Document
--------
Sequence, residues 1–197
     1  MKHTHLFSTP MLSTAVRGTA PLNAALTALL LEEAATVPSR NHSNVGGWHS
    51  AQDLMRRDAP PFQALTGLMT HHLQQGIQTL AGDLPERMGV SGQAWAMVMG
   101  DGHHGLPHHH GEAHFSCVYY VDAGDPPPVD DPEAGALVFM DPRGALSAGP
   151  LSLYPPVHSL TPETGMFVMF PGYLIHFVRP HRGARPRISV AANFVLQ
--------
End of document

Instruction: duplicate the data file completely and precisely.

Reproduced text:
Sequence, residues 1–197
     1  MKHTHLFSTP MLSTAVRGTA PLNAALTALL LEEAATVPSR NHSNVGGWHS
    51  AQDLMRRDAP PFQALTGLMT HHLQQGIQTL AGDLPERMGV SGQAWAMVMG
   101  DGHHGLPHHH GEAHFSCVYY VDAGDPPPVD DPEAGALVFM DPRGALSAGP
   151  LSLYPPVHSL TPETGMFVMF PGYLIHFVRP HRGARPRISV AANFVLQ